As an avid runner, I feared the inhabitants of New York to be the slaves of gyms or yoga studios. On my first run I felt very self conscious that I was running. There were a lot of people staring, and I the more I tried to blend in the more staring I got. However as the street I was running on ran into the Hudson, the holy grail of running came upon me.

Uninterrupted stretch of pavement for bikers, runners, and walkers. I had found them, my people! Runners everywhere! This instance is a perfect example of how NYC uses space in creative ways. Walk anywhere and you can see small parks between buildings, coffee shops where only two people can fit, or tiny basement restaurants. In a city where space is limited, no space has gone unclaimed.

3. The subway is peacefully chaotic.

First day on the subway I couldn’t have been more excited. I felt adult and professional in my first day of work clothes.

Little did I know the subway is not for smiles. When you walk down those stairs and pull out your Metrocard something changes. No longer am I the friendly energetic person that I aim to be, but rather a woman with a silent purpose. I join the mass heading to my train and walk next to strangers. On the train Julia and I keep talk to a minimum and listen to the hum of the tracks.

This transformation came out of necessity. Go slowly you don’t get on the train, speak too loudly and you get looks, stare too long and someone says something. Running for your train, unlike the Duke buses, is completely acceptable. The subway is loud and chaotic. There are people going every which way, trains going different directions, people singing, people fighting, smells of food and urine.  Amid all this disorder, the subway is calming.   Here is a place where hundreds, nay thousands of people come through all with different lives, different places to go, and I am just one amid the crowd.

4. Street Harassment is more prevalent in our society than I could have imagined.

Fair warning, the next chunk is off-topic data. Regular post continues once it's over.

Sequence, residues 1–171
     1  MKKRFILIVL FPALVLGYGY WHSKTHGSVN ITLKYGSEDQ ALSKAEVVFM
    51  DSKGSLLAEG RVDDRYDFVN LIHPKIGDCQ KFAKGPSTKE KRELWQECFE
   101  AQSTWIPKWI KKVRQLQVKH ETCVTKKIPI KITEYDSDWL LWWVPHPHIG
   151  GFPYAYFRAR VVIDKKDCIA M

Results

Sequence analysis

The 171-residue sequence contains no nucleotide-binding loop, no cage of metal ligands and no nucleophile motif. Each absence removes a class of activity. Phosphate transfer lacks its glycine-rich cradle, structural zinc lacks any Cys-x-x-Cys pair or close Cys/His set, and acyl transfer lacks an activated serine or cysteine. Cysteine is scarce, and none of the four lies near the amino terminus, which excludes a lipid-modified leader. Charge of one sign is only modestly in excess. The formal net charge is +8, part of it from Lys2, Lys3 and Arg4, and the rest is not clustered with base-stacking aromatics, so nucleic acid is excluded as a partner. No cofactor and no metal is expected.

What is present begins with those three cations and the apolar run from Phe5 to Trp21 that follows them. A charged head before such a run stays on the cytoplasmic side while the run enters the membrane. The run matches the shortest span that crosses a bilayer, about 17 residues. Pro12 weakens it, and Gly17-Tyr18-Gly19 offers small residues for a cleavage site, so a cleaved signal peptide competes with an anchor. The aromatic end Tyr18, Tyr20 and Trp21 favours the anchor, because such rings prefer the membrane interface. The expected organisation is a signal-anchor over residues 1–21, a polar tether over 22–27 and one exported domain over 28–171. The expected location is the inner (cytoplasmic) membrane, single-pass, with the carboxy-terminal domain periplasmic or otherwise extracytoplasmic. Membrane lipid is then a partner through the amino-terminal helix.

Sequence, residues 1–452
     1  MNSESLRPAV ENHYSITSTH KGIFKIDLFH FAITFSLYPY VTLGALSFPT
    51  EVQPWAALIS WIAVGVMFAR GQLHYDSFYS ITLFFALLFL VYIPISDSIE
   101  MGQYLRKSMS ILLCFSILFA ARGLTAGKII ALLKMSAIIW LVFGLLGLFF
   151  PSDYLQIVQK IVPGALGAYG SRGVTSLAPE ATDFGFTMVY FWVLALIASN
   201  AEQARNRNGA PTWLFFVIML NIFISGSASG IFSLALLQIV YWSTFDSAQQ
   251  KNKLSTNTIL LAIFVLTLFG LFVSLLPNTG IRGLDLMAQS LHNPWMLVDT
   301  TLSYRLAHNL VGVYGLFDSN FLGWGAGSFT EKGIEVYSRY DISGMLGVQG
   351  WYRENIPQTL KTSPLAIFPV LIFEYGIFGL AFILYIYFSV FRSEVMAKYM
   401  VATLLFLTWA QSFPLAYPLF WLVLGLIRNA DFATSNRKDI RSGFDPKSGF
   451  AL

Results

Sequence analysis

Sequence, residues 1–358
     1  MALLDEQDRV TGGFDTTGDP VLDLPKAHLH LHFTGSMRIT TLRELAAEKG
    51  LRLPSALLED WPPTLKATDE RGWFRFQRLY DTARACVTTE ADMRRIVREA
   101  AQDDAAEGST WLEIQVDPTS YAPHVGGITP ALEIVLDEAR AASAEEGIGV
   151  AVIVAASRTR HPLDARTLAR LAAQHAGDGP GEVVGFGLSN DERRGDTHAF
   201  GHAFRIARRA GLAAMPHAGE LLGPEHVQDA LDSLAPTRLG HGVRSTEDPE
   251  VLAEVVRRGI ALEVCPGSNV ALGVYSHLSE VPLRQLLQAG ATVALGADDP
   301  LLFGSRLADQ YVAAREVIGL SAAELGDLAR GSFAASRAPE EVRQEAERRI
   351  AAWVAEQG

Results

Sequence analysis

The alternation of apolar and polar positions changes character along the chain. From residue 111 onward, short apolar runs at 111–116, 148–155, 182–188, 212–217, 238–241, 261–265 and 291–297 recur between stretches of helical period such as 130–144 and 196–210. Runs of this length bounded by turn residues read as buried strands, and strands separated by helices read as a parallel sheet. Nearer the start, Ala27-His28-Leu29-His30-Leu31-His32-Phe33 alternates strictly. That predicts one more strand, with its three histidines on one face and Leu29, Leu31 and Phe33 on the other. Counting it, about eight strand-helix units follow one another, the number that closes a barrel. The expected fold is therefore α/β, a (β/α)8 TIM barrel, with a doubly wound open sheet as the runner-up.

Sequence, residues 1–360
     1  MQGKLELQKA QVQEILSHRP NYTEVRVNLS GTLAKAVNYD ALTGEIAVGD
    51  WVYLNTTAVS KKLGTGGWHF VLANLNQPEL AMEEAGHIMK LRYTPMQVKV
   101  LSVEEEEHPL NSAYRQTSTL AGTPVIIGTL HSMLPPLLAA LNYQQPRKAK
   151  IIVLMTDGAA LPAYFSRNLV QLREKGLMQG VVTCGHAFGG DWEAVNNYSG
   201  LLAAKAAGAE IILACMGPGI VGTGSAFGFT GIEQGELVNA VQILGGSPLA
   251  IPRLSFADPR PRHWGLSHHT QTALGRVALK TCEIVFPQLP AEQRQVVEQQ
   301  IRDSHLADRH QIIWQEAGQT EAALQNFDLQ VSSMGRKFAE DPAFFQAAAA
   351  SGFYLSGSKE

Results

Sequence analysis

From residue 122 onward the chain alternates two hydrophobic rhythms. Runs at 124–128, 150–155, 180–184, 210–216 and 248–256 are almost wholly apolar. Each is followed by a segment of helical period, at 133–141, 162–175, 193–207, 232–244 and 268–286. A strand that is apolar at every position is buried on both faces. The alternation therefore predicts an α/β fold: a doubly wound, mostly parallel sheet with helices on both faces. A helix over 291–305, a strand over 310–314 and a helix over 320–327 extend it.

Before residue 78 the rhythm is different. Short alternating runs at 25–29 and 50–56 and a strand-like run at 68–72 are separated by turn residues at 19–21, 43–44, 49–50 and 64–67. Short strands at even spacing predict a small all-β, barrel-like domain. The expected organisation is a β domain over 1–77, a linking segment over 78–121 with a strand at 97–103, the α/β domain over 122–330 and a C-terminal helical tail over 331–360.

While the city continues to inspire, wow, and confuse me with its wonders, the most eye opening experience I have had so far is my work at Hollaback. Julia and I are responsible for approving stories for the Hollaback website. These stories are evidence and proof to the scope of street harassment targeted towards women, and LGBTQ community members. What struck me most was the scale in which these acts of harassment occur. Never before had I even heard of masturbating on the subway or groping as a means of street harassment. These acts occur every day all around the world and in the city. While I have experienced the “hey baby,” or yesterday’s “you and me tonight baby.” I haven’t had the very graphic and physical harassment that some of these women experience. My ignorance is indication of why Hollaback’s storytelling platform is crucial towards opening this often closed conversation.

So many of us are defined by our own personal experiences and forget that other people have difference experiences from our own.

So many or us do not take street harassment seriously because we don’t experience it in the same ways.

5. My fellow Moxies are hilarious, passionate and the coolest people I’ve met.

I guess getting thrown into the city to fend for ourselves was really the best way to bond. It is crazy to think I have only known these girls for little over a week. Each one has made their mark on me in a unique and wonderful way. Has it really been only one week?

Until next time,


Friendly but Frustrated Feminist Over Here

April is a junior at Duke who will be working with Hollaback this summer.